5. dogngun

    dogngun Member

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    The 125 grain Remington green box is my favorite factory load in .30-06. It is very accurate in all the rifles I have used it in ( about 5) , ranging from a "sportered" 1917's to a 1970's Savage 110. It's usable on game from groundhogs up, and I'd use it on deer under 200 yards. Light recoil,too.

    Mark :)
     
  6. Art Eatman

    Art Eatman Administrator Staff Member

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    I took some 80-grain .32-20 flat-nosed bullets (run through a .308 swager) and loaded them ahead of a whole bunch of 3031. 55 grains, IIRC. :D Dunno the velocity, but the factories said the 110s came out at some 3,480 ft/sec.

    That load would splatter a jackrabbit over a half an acre.

    You know how a buzzard will soar into the wind, pause, and then go downwind? I had one do that directly above me one time. I took a snap-shot and managed to center-punch him with that load. (16-year-olds will do that sorta stuff.)

    Big mistake. "See Art run. Run, Art, run!"

    The world is full of interesting things to do...

    :), Art
     
  7. Sylvilagus Aquaticus

    Sylvilagus Aquaticus Member

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    Wow...that makes my super-triplex-saboted 55 grain 30-06 loads look pretty pathetic, Art. I bet those were a lot more accurate at range than mine ever were. :evil:

    Regards,
    Rabbit.
     
  8. Bwana John

    Bwana John Member

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    I used to load M-1 carbine 110 SP bullets for my M-1 Garand all the time (because Im cheap) They wernt seated very far in, and I pit a big crimp in them to hold the bullets, but they fed perfect. They shot Minute of milk jug @ 100 yards. I used 4895 for the powder.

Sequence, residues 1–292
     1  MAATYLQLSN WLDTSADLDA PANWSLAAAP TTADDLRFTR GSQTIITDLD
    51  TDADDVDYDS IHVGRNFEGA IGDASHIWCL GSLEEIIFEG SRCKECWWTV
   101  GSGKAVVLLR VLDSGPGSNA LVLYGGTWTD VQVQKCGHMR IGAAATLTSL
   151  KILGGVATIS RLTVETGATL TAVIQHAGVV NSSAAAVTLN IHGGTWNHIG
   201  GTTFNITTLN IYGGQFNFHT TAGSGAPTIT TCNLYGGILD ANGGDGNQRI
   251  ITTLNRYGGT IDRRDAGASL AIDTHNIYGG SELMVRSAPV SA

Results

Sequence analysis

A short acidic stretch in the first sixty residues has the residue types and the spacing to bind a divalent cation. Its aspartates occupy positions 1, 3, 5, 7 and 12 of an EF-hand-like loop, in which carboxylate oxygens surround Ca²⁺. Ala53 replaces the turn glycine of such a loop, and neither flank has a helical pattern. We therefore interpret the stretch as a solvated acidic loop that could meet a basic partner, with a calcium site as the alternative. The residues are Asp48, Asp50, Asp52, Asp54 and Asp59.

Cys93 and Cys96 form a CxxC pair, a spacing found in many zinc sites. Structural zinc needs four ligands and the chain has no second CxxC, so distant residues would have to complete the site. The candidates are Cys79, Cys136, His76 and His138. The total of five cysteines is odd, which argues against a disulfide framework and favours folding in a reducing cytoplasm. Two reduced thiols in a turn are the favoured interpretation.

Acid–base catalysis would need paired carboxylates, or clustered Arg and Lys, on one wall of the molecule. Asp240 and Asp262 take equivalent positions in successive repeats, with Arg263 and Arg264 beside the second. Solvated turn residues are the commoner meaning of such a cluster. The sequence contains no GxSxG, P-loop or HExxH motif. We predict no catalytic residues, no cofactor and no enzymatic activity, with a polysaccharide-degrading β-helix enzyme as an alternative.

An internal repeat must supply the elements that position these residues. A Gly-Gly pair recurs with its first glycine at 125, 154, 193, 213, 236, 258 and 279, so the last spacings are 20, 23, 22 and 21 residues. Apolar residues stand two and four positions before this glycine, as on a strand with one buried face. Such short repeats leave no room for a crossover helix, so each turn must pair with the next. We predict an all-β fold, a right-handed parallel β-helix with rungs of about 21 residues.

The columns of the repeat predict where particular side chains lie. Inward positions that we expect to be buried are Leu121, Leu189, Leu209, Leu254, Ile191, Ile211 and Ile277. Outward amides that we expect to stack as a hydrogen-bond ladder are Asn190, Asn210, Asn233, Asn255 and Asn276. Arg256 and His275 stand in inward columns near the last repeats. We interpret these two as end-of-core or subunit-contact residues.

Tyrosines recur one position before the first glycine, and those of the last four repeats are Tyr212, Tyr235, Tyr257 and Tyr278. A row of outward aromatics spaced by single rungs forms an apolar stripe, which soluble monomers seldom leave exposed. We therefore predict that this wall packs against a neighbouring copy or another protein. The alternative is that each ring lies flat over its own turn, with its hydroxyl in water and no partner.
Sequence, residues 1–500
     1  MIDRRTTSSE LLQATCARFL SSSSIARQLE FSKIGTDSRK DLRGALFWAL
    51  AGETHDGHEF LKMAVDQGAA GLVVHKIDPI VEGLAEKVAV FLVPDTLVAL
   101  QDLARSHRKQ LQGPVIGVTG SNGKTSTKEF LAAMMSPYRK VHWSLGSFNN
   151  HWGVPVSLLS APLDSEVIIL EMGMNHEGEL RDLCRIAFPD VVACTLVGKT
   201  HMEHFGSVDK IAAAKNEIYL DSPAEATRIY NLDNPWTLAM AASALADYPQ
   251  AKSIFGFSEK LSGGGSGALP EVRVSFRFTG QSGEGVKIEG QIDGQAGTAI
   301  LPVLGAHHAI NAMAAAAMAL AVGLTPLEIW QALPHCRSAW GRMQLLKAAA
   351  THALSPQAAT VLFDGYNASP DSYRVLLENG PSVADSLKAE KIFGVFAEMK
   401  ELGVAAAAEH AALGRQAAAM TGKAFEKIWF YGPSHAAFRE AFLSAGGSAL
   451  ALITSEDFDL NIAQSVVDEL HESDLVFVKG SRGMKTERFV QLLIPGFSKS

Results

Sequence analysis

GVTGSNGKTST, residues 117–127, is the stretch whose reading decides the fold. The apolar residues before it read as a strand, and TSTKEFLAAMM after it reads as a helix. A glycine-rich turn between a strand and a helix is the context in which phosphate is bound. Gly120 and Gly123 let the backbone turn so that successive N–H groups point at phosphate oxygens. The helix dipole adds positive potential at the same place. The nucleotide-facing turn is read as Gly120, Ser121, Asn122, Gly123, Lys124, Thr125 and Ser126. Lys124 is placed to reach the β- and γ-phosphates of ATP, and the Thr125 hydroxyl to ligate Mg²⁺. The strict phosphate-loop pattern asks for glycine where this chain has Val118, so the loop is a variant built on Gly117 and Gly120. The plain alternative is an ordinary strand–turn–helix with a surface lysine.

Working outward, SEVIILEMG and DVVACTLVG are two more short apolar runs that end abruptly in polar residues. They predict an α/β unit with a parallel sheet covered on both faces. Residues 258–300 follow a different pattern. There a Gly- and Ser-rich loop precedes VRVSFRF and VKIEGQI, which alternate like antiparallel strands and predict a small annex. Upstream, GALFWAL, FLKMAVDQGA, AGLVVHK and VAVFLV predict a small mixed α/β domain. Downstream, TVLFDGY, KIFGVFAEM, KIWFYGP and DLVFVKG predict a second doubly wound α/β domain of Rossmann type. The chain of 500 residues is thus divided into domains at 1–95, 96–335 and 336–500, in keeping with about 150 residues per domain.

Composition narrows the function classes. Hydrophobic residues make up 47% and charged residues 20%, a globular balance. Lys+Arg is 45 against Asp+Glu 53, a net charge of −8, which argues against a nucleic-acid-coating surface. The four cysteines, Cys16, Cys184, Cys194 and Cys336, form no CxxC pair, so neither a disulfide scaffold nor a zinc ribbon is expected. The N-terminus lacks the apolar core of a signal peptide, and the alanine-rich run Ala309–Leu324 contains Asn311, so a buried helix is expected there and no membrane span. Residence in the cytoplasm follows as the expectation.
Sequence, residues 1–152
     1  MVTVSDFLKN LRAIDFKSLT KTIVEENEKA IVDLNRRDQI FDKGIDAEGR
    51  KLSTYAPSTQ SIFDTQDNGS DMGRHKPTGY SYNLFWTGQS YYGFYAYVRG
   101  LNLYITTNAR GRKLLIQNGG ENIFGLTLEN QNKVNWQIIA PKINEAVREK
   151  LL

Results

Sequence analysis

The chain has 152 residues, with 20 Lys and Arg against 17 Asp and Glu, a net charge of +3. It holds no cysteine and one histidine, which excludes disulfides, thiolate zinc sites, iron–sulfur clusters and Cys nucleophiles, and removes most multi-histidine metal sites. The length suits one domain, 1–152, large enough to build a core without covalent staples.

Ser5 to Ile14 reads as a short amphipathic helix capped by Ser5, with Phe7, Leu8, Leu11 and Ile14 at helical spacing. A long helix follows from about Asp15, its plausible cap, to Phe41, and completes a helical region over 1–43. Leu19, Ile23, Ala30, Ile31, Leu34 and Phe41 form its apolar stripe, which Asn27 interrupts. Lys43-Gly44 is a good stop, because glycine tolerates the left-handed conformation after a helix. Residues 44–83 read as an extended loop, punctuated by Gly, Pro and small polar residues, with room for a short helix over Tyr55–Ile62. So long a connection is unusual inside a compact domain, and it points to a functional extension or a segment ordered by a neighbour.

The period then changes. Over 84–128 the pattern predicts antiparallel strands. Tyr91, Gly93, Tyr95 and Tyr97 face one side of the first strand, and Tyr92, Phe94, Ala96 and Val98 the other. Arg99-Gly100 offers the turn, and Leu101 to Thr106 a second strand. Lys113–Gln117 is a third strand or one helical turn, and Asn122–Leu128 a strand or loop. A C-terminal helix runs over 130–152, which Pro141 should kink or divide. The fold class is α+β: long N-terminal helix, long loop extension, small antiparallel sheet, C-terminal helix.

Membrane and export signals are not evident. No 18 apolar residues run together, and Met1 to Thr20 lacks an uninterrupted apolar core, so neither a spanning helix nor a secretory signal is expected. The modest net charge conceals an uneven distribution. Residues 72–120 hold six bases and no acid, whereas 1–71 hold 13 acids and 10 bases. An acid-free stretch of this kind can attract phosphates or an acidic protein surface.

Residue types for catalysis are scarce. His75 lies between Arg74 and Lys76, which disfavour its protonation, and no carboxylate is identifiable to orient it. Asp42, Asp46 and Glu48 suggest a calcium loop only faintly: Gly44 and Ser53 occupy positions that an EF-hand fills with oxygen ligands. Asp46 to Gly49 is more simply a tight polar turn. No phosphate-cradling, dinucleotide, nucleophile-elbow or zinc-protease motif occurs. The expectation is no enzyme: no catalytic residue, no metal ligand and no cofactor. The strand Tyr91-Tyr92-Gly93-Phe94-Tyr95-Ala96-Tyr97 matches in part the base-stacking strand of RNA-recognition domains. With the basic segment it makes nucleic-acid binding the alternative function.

9. Art Eatman

    Art Eatman Administrator Staff Member

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    A 1937 '06 load with corrosive primers, listed in Phil Sharpe's "Complete Guide to Handloading", is a 74-grain bullet and a bunch of 2400; 3,880 ft/sec.

    A similar load with an 80-grain bullet shows 3,600 ft/sec.

    Folks have been doing the fun'n'games thing for more than a day or two...

    :), Art
     
  10. Clemson

    Clemson Member

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    I loaded 125 grain Ballistic Tips for an antelope hunt a few years ago. I ended up hunting with a .257 Roberts, so I did not use the loads for the '06. Later took the '06 whitetail hunting with the 125 grain loads. I shot a spike at 200 yards and a doe at 350 yards. Both were one-shot kills, but both traveled 75 yards before collapsing. The doe had 1/3 of her heart shot off. I can't say that the 125 grainers were any better or worse than any other bullet given the same placement. I did get a trajectory that I could effectively hit with on the long shots.

    Clemson